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Tanzanian: Political party flags

Last modified: 2014-02-22 by bruce berry
Keywords: tanzania | tanu | afro-shirazi | hoe | masai |
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Afro-Shirazi party

[Afro-Shirazi party] image by Ivan Sache, 06 Aug 1999

The Afro-Shirazi party has a flag of blue over black over green with a yellow hoe in the centre. It influenced the 1964 flag of Zanzibar.
Stuart Notholt, 1996 Jun 29

Smith [smi75b] says that these are real flags and not only party emblems, which may differ in colours when used as emblem or in a flag.
Ivan Sache, 06 Aug 1999

Chama Cha Kijamii (Social Reform Party)

image by Jens Pattke, 12 Jan 2014

Chama Cha Kijamii (Social Reform Party) is a small opposition political party in Tanzania.
Jens Pattke, 12 Jan 2014

Chama Cha Mapinduzi (Revolutionary Party of Tanzania)

[Chama Cha Mapinduzi] image by Martin Grieve, 05 Apr 2004

I recently visited Tanzania and saw many flags of the ruling Chama Cha Mapinduzi (CCM) party in evidence.  These were mostly home-made flags flying on small poles on street corners, in market stalls and near pavement kiosks. The flag of CCM has a plain green field with the emblem of the party, a crossed hammer and hoe, in yellow in the canton.

Chama Cha Mapinduzi (The Revolutionary Party of Tanzania) was formed in 1977 following the merger of the Tanganyika African National Union (TANU) and the Afro-Shirzai Party of Zanzibar. TANU was formed in 1954 with Julius Nyerere as its leader. The party won the country's first general election, following which Nyerere was asked to form the first government when Tanganyika obtained independence from Britain in 1961. Zanzibar achieved independence in 1963 as a separate and sovereign country, under the al-Busaidy Sultan.

Tanganyika became a republic in December 1962, one year after achieving independence, and the direct presidential election brought TANU's leader, Julius Nyerere, to the presidency. In 1965 the Constitution was changed to establish a one-party system. Meanwhile, in Zanzibar, a revolution had overthrown the Arab Sultan in 12 January 1964, one month after independence and the Constitution was abrogated. Abedi Amani Karume was declared the first African President of the Peoples' Republic of Zanzibar and the country became a one-party state under the Afro-Shirazi Party. On 26 April 1964, Tanganyika and Zanzibar united as the United Republic of Tanzania with Julius Nyerere as President and the head of state with Karume as his Vice President, who also retained at the same time the Presidency of Zanzibar.

In 1977, the two ruling parties, TANU and the Afro Shirazi Party, merged to form the Chama Cha Mapinduzi (CCM). In 1985 Nyerere stepped down voluntarily as Head of State and Ali Hassan Mwinyi succeeded him as Head of State. Constitutional changes allowing the return of a multi-party system were introduced in 1992. The CCM won the presidential and parliamentary elections held in 1995. Mwinyi stepped down in 1995, having completed the constitutionally-mandated maximum of two terms in office and Benjamin William Mkapa of CCM was elected as Head of State of Tanzania.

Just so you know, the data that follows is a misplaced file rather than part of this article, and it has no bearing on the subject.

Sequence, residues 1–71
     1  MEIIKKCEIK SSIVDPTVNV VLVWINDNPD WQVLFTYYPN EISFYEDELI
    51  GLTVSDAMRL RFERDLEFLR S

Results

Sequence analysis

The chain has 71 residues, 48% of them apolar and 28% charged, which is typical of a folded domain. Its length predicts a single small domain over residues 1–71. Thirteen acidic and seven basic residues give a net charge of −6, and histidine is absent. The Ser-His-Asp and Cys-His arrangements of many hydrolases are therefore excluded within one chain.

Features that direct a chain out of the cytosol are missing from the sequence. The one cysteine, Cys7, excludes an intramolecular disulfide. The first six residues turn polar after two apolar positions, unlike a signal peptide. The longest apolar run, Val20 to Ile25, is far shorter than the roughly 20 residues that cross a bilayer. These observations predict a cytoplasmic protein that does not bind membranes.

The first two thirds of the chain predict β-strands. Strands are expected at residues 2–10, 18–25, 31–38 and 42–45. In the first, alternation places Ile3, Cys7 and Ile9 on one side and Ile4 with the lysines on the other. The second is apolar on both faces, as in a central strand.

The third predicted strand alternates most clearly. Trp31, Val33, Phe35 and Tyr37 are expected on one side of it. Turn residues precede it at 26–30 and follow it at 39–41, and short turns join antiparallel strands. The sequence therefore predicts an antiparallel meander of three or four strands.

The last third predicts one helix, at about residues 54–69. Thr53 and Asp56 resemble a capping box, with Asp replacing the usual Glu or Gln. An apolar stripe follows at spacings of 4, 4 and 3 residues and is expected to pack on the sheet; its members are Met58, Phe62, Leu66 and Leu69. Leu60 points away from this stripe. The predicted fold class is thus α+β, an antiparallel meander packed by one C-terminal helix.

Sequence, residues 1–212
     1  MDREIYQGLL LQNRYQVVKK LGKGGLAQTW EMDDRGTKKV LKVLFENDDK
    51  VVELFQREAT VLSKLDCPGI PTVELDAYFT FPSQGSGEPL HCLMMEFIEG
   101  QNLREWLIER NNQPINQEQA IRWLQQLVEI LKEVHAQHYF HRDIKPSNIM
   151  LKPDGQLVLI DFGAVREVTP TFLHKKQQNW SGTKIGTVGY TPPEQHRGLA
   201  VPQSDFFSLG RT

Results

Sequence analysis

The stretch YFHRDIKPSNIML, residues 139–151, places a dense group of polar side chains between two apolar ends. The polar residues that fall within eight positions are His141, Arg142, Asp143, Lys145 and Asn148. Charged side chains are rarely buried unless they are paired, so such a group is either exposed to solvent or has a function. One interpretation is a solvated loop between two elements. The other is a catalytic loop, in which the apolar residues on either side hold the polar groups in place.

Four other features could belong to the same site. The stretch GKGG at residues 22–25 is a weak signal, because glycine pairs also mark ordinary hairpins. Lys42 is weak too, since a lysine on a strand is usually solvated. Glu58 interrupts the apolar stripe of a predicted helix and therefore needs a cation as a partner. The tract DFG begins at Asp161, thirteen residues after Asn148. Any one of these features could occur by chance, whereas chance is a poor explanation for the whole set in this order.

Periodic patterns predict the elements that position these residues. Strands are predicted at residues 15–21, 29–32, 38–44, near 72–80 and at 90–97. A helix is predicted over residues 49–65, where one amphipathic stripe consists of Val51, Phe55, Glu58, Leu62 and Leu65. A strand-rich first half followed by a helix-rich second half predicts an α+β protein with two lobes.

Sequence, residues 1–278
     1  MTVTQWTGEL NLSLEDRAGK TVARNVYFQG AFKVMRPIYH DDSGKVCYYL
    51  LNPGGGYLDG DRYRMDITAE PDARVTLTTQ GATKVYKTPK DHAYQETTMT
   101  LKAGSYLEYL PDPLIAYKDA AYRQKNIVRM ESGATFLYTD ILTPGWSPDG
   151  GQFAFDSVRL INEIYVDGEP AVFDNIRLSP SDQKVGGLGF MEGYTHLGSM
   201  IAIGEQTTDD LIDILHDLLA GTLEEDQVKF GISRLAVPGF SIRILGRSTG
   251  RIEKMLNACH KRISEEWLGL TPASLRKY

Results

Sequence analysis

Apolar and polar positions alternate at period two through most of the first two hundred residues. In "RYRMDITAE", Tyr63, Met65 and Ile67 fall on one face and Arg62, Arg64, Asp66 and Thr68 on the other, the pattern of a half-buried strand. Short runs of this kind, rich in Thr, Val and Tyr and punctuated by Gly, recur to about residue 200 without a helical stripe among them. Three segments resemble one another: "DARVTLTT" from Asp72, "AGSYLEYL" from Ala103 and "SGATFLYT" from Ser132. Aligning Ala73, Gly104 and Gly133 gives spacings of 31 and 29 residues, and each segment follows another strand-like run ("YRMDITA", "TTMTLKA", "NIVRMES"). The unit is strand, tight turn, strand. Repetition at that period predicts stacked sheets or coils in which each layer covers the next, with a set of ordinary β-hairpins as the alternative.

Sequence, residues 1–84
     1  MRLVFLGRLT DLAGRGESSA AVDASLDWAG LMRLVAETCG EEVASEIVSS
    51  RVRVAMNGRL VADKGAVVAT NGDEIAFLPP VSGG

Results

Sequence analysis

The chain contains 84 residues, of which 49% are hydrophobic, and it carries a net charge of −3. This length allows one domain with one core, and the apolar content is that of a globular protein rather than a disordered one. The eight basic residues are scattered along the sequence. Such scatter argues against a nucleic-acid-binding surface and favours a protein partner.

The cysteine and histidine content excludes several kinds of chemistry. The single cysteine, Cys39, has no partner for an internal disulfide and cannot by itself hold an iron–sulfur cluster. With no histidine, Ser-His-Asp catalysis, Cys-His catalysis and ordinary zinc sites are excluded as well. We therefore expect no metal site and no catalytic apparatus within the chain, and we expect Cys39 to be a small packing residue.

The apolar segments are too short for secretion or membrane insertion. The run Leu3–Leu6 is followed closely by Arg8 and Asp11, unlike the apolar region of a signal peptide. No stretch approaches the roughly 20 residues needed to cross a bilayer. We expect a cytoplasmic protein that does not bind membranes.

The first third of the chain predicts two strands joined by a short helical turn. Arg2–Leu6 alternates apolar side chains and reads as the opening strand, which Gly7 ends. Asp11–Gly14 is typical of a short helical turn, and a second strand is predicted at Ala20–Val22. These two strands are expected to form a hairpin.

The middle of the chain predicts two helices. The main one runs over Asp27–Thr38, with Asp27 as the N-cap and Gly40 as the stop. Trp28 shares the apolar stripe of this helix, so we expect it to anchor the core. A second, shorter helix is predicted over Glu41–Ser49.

Bruce Berry, 05 Apr 2004

Chama Cha Mapinduzi - variant flag

[Chama Cha Mapinduzi variant] image by Jaume Ollé, 03 Apr 2004

CCM won the elections in 2000, but opposition reported irregularities. The independent feelings are growing in Zanzibar and Pemba.
Jaume Ollé, 03 Apr 2004

Chama Cha Wananchi (Civic United Front)

[Civic United Front] image by Jaume Ollé, 03 Apr 2004

The opposition is CUF, Civic United Front or Chama Cha Wananchi, has its main base in Pemba. It stands the independence of  Zanzibar and Pemba and is predominantly Muslim.

The exact status of Pemba is unknown to me. Perhaps has some kind of autonomy within Zanzibar. A Pemba Peoples Republic was proclaimed 18 January 1964 with a red flag with green  map of the island in the centre.  
Jaume Ollé, 03 Apr 2004

Masai national movement

[Masai flag] image by Dirk Schönberger, 31 Mar 2001

"Nations Without States" (James Minahan, 1996) describes a flag purportedly of the Masai national movement. It is red with a black and white Masai shield in the center, and white, crossed spears behind the shield.
I have a scan of the line drawing showing this flag.
Ned Smith, 19 Mar 2001

Another Masai flag

[Masai flag] from this website.

I don't know whether you have ever discussed the existence of a "Maasai nation's flag" such as the one hardly described here.
It says little about it, but enough to know that this cannot be the Masai movement flag described above.
Thanh-Tâm Leh, 24 Aug 2004

Tanganyika African National Union (TANU)

[Flag of Tanganyika African National Union] image by Ivan Sache, 03 Oct 2001

The political flag of the ruling political party of the then Tanganyika (Tanganyika African National Union) consisted of three horizontal stripes of Green-Black-Green. Since 1964, There have been no plans to alter the National Flag
Mohamed Juma, 2 Oct 2001

This is in full agreement with Smith (1975) [smi75a] and DK Pocket Book (1997) [udk97].
Ivan Sache, 03 Oct 2001